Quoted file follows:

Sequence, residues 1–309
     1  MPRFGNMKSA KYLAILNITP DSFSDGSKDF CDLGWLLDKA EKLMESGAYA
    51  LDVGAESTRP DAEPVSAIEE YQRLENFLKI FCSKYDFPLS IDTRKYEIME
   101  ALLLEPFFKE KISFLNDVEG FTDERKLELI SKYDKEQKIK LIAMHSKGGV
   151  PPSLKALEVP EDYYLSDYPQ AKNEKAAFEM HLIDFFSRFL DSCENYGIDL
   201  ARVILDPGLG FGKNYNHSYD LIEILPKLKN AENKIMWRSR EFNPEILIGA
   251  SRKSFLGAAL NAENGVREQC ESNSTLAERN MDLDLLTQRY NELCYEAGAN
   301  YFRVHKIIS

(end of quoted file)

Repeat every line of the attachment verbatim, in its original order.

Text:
Sequence, residues 1–309
     1  MPRFGNMKSA KYLAILNITP DSFSDGSKDF CDLGWLLDKA EKLMESGAYA
    51  LDVGAESTRP DAEPVSAIEE YQRLENFLKI FCSKYDFPLS IDTRKYEIME
   101  ALLLEPFFKE KISFLNDVEG FTDERKLELI SKYDKEQKIK LIAMHSKGGV
   151  PPSLKALEVP EDYYLSDYPQ AKNEKAAFEM HLIDFFSRFL DSCENYGIDL
   201  ARVILDPGLG FGKNYNHSYD LIEILPKLKN AENKIMWRSR EFNPEILIGA
   251  SRKSFLGAAL NAENGVREQC ESNSTLAERN MDLDLLTQRY NELCYEAGAN
   301  YFRVHKIIS